Just watched a brief two minute Q&A from Seth Godin, marketing guru. Godin answers a question from an audience member about social networking and small business. His response indicts social networking platforms like Facebook and Twitter as potentially “fake networking.” And it’s hard to dispute his simple argument: if you have 5,000 facebook friends or 20,000 twitter followers, does it really matter if none of these people will go to bat for you when you really need them to? Networking has (traditionally) implied that a relationship translates into real action.
Godin is asking an important question: where does the rubber meet the road on social networking? It’s hard to say. The same criticism is levied by David Wong in his piece on 7 Reasons the 21st Century is Making You Miserable. Sure you’ve got a bunch of internet “friends,” but if all they are doing is sending you wall posts on your birthday and are otherwise nowhere to be found in your life, does it really matter?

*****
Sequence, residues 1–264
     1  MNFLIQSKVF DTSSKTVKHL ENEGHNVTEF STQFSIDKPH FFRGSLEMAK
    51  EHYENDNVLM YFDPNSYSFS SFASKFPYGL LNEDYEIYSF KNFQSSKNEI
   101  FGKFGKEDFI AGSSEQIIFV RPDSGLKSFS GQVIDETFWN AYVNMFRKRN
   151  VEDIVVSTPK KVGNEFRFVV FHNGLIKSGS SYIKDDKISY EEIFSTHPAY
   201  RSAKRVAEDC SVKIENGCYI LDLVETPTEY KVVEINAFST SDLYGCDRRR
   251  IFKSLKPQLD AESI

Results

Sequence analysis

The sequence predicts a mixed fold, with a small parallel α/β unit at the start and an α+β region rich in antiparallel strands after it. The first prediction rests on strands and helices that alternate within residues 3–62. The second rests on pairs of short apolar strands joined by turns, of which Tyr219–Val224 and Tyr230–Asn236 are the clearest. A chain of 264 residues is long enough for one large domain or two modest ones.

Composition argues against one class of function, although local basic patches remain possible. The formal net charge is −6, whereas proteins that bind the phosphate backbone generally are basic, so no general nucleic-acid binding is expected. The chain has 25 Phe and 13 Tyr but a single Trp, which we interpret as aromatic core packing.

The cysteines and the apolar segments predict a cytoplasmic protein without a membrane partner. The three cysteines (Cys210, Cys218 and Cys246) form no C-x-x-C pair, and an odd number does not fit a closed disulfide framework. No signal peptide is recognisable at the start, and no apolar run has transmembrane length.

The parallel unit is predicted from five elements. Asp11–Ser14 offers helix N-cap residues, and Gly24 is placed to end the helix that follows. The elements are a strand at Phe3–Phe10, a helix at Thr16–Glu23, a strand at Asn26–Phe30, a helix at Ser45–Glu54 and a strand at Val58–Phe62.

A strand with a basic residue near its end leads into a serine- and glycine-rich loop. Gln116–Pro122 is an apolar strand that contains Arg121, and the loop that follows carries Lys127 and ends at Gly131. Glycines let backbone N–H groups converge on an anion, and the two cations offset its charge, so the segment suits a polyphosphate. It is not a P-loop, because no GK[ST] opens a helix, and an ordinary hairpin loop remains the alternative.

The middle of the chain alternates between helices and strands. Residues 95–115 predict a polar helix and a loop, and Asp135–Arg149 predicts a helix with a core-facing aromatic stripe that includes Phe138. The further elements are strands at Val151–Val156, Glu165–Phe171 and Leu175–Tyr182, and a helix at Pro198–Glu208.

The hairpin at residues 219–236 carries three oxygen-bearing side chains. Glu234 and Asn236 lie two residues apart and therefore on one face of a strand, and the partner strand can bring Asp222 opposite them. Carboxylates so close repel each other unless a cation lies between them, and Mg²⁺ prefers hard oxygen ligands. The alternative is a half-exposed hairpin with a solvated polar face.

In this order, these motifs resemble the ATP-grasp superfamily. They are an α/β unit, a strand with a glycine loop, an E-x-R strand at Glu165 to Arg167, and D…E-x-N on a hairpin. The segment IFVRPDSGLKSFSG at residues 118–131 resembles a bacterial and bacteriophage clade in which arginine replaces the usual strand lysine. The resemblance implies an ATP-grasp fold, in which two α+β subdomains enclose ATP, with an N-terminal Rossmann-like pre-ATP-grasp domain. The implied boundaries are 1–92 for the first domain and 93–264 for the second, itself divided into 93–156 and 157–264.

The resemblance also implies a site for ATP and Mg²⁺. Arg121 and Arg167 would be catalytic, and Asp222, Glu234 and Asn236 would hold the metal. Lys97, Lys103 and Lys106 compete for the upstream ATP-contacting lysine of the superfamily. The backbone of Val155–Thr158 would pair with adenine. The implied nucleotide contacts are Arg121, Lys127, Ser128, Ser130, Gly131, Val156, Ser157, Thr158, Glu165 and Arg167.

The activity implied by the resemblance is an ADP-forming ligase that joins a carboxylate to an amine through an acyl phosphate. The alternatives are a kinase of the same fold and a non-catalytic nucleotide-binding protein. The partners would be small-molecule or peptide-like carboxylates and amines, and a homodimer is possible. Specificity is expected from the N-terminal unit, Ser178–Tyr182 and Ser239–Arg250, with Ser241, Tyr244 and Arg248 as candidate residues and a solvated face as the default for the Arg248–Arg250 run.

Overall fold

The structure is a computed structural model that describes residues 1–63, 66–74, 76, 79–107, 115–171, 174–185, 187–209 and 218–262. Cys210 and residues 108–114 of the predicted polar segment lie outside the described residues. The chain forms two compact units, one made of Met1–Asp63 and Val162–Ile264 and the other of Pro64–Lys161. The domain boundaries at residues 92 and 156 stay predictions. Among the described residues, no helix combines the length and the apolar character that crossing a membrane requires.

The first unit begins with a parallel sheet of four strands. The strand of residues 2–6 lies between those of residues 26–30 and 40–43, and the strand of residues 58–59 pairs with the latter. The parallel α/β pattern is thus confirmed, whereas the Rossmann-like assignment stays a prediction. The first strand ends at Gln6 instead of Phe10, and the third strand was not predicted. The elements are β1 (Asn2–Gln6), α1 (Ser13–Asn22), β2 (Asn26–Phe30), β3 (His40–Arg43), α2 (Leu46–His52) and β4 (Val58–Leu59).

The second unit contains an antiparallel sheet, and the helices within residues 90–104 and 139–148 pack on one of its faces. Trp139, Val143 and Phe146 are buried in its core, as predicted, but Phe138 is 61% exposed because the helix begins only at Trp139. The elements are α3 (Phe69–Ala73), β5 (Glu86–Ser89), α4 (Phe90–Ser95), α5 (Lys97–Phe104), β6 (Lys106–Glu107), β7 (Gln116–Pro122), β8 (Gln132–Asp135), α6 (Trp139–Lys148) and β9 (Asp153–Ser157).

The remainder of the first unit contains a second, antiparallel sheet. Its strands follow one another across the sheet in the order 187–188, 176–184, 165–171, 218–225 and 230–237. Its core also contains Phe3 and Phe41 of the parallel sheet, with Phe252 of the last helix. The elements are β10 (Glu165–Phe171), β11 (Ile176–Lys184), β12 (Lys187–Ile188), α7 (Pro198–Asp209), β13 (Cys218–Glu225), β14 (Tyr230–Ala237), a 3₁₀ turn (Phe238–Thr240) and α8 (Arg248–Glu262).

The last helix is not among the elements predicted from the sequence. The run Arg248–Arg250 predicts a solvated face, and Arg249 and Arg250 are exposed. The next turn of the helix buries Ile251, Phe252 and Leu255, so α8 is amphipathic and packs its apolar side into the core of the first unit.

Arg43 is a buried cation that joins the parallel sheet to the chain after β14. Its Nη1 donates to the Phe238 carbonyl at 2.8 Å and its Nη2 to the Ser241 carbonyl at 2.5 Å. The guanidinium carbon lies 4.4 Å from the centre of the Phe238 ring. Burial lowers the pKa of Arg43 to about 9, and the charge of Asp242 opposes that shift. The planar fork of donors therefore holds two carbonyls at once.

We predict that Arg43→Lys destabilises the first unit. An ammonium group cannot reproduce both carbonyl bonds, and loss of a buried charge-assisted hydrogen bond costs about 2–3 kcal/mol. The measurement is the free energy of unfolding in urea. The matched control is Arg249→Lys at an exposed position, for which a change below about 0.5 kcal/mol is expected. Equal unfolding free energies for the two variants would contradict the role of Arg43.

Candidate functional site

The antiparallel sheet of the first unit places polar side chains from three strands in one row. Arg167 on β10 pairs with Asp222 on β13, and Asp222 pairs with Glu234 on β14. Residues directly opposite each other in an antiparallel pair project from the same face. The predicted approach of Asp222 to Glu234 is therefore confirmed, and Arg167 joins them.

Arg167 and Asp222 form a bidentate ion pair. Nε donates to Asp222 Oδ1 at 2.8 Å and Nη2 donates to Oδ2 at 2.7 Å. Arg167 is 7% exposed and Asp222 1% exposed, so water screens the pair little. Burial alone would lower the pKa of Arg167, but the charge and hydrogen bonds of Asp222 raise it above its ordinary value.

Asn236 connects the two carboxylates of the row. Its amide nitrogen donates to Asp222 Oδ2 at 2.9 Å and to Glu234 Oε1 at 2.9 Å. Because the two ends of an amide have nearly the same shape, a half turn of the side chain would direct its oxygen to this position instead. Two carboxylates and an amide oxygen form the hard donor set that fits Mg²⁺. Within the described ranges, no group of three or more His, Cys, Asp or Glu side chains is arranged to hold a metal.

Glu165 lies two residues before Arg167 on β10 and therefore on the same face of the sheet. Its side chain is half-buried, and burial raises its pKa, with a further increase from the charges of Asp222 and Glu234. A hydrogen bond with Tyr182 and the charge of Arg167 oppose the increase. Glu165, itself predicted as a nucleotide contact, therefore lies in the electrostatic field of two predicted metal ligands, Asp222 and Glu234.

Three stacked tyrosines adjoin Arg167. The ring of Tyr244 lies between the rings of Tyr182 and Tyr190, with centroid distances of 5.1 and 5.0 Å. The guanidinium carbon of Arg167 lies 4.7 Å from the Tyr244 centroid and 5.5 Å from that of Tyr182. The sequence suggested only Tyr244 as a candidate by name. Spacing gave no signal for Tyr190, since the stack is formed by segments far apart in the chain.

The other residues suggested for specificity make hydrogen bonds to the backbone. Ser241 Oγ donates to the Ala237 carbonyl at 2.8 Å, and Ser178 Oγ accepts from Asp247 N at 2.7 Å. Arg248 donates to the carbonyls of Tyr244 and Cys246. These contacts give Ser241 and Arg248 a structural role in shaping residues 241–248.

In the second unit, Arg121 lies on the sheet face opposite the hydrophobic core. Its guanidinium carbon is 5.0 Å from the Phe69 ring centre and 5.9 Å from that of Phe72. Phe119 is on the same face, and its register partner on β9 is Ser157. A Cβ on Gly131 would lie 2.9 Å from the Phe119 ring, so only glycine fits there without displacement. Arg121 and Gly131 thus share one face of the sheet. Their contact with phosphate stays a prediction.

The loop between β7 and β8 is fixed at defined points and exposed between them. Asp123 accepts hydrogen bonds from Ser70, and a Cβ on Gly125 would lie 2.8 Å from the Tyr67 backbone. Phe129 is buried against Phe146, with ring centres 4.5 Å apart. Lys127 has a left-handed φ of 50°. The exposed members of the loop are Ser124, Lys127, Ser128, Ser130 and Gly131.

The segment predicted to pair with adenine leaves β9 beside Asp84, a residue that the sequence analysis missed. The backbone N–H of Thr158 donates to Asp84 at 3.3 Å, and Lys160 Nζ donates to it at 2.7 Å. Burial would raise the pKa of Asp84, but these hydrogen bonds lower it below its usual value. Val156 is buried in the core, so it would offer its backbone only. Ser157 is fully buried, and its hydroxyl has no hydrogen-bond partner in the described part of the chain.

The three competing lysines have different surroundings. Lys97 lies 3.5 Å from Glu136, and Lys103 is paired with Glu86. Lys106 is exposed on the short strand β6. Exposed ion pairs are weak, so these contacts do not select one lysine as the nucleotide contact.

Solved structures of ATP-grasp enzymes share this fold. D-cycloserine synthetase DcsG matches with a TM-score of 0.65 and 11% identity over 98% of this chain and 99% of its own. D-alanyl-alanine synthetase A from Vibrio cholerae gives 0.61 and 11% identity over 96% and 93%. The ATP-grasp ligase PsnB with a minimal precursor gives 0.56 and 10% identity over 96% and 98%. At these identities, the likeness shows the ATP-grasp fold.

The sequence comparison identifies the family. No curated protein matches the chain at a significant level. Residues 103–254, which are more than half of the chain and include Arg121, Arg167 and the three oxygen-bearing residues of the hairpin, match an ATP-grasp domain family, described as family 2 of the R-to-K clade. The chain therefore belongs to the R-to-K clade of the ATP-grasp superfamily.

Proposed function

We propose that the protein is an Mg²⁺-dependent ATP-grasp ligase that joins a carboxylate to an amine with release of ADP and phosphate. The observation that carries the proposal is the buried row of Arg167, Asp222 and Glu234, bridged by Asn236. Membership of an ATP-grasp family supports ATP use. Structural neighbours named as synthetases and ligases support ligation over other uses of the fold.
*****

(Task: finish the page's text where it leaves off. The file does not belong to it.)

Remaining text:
I’ll save the flipside to this argument for another time. Here’s two quotes from the clip from Seth Godin:
Networking is always important when its real and it’s always a useless distraction when it’s fake. …
The internet has allowed an enormous amount of fake networking to take place.
Ok I have one more thought I want to share: my facebook/twitter policy: I keep my facebook profile somewhat elite and restricted to friends in realspace or internet-friends with whom I’ve had extensive interactions. With twitter, on the other hand, anything goes. I think social networking on twitter, as “fake” or cheap as it may be, still can serve a purpose. More on this later.
Also see my brief explanation of the difference between Facebook and Twitter.